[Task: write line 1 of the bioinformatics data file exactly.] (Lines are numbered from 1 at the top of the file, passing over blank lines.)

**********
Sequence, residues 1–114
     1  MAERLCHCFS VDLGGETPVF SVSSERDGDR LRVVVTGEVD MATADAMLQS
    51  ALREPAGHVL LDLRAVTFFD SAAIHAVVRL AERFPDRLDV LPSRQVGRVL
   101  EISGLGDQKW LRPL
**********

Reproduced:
Sequence, residues 1–114